My first job was as a party host at McDonalds while I was at uni. It was all about making kids’ parties exciting and memorable. I was also involved in the food industry when I was younger. At the end of the day, it was all about sales.
Do you ever consider changing your career?
Sometimes, I think of moving to the fashion industry. I love fashion! Many years ago, I did actually move into a strategic marketing role. But I felt frustrated being so distant from the buzz of the business world. I missed my customers and the people who shake and move the industry. So I moved back into the front line.
Does the pressure to hit your monthly or quarterly targets ever make you stressed?
Yes, sometimes. But I put a good deal of effort into early planning and creating my market sales strategy – both long term and short term. If you understand your market, have a plan and you execute your plan accordingly, you will be successful.
How would you sum up the craft of sales in one sentence to an outsider?
Sales is the art of listening to and understanding the market, your customer and how best to address your customers’ needs.
How long does it take you to assess how you should approach your sales pitch?
It depends how complex the solution requirements are and how big the budget is. For smaller deals it should only be a day or two. In complex opportunities it will take several days or a week.
Have you ever put your foot in it when talking to a client?
I have to say ‘yes’. I was probably too keen to provide the solution rather than absorbing it all. There is a subtle and considered way of communicating with the customer. You need to ask questions that will create an atmosphere where your client feels that he/she will be making a big mistake if he/she doesn't listen to you.
How did you get past the point of struggling to make a sale to where you are today?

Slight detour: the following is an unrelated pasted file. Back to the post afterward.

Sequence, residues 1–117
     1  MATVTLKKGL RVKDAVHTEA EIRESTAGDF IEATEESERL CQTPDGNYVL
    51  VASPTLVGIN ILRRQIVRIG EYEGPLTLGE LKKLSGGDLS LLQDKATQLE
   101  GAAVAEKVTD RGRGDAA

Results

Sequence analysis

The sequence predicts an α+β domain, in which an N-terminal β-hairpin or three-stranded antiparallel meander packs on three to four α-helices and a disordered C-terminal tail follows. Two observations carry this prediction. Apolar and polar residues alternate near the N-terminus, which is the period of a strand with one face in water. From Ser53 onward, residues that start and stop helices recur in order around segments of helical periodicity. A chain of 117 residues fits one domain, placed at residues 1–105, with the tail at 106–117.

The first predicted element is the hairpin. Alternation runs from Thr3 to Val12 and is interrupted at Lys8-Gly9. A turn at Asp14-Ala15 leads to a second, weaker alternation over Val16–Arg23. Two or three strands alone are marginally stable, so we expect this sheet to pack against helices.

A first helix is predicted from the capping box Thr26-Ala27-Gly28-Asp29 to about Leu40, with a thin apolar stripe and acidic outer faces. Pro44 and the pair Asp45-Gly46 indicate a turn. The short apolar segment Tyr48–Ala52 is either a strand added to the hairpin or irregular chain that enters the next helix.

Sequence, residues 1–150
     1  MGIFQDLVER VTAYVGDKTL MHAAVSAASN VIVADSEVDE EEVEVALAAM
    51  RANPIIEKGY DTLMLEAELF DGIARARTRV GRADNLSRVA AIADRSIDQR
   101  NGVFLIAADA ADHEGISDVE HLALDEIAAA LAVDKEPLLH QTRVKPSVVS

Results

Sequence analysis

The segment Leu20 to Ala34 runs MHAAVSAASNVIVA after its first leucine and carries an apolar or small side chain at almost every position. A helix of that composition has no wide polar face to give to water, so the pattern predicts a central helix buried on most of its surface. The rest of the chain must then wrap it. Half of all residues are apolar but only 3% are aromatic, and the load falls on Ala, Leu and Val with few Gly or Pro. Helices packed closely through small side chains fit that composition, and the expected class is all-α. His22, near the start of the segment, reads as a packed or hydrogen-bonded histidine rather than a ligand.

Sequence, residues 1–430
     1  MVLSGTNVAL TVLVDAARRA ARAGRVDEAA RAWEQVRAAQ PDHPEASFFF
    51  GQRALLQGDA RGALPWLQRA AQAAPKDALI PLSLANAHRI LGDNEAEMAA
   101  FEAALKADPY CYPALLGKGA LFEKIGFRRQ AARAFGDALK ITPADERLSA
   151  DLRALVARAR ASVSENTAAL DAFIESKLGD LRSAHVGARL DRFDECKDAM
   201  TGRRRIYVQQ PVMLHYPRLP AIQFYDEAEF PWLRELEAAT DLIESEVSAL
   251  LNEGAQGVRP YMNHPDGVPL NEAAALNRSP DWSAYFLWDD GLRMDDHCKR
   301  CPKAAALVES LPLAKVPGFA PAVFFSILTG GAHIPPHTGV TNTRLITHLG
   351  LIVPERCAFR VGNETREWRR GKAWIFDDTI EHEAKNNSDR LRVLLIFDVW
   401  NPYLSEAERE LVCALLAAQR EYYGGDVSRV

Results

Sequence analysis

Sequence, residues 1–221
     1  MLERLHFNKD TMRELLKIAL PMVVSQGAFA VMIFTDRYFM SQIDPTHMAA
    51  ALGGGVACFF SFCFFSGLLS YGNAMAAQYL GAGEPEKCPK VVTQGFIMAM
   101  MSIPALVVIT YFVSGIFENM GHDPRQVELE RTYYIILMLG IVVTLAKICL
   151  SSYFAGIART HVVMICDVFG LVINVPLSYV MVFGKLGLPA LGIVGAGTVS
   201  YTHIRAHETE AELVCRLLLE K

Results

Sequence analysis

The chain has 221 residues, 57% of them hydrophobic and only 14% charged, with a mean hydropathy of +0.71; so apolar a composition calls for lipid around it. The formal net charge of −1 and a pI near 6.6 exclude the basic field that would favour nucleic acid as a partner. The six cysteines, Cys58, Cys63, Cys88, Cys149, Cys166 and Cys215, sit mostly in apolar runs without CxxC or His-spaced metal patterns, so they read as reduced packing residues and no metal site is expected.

I have been very lucky to have been employed by great companies that believed in educating and training sales people. From the start of my career, I have had extraordinary sales training. In my previous job at Alcatel-Lucent, I was part of the High Performing Programme and was rewarded with two years of training - both online and attending executive business programmes in New Zealand, Australia and France. With Ruckus, I receive ongoing training, but above all outstanding support.
Do you consider yourself a persuasive person?
Persuasive means winning approval or support for your beliefs, swaying opinions your way. In the sales world, persuasion is not the key to bringing your customers with you. It’s about listening, research, knowledge, patience and follow-up. But when you enjoy the trust of the customer, it is often interpreted as the result of being a persuasive person.
Has that quality ever reflected on you in a negative way?
I would say yes. At the start of my sales career, I would say I was extremely persuasive – bordering on aggressive. I was fortunate to get the feedback I needed as well as be involved in mentoring programmes to change and be more of a listener - a work in progress! You learn in sales every day and, if you don’t, you're not doing your job.
What’s the best deal you have ever closed?
A 30 million euro deal for a broadband network in my previous role in the Philippines. It was literally a strategy shift. Everyone was blown away!
Has anyone ever made you feel intimidated?
Once. A male colleague bullied me. My boss, who was the CEO of a major telecommunications company in Asia Pacific, told me, “If someone is talking to you inappropriately, simply walk away. Respect is a boomerang. It will come back to you.”